In R. D. Sorkin’s framework for logic in physics a clear separation is made between the collection of unasserted propositions about the physical world and the affirmation or denial of these propositions by the physical world. The unasserted propositions form a Boolean algebra because they correspond to subsets of an underlying set of spacetime histories. Physical rules of inference apply not to the propositions in themselves but to the affirmation and denial of these propositions by the actual world. This physical logic may or may not respect the propositions’ underlying Boolean structure. We prove that this logic is Boolean if and only if the following three axioms hold: (i) The world is affirmed, (ii) Modus Ponens and (iii) If a proposition is denied then its negation, or complement, is affirmed. When a physical system is governed by a dynamical law in the form of a quantum measure with the rule that events of zero measure are denied, the axioms (i)–(iii) prove to be too rigid and need to be modified. One promising scheme for quantum mechanics as quantum measure theory corresponds to replacing axiom (iii) with axiom (iv). Nature is as fine grained as the dynamics allows.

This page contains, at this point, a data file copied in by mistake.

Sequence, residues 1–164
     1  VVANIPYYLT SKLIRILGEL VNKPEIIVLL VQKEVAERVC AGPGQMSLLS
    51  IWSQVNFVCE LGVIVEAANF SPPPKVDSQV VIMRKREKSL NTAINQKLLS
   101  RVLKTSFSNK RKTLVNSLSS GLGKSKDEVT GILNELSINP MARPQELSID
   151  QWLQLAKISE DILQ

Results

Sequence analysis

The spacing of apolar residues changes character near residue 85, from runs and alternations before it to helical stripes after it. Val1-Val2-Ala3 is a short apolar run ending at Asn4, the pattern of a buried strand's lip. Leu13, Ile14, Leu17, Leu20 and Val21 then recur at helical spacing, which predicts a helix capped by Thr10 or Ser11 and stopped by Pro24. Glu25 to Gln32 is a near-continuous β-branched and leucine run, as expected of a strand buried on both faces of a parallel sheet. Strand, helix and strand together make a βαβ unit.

We thank Rafael Sorkin for helpful discussions. Research at Perimeter Institute for Theoretical Physics is supported in part by the Government of Canada through NSERC and by the Province of Ontario through MRI. FD and PW are supported in part by COST Action MP1006. PW was supported in part by EPSRC grant EP/K022717/1. PW acknowledges support from the University of Athens during this work.
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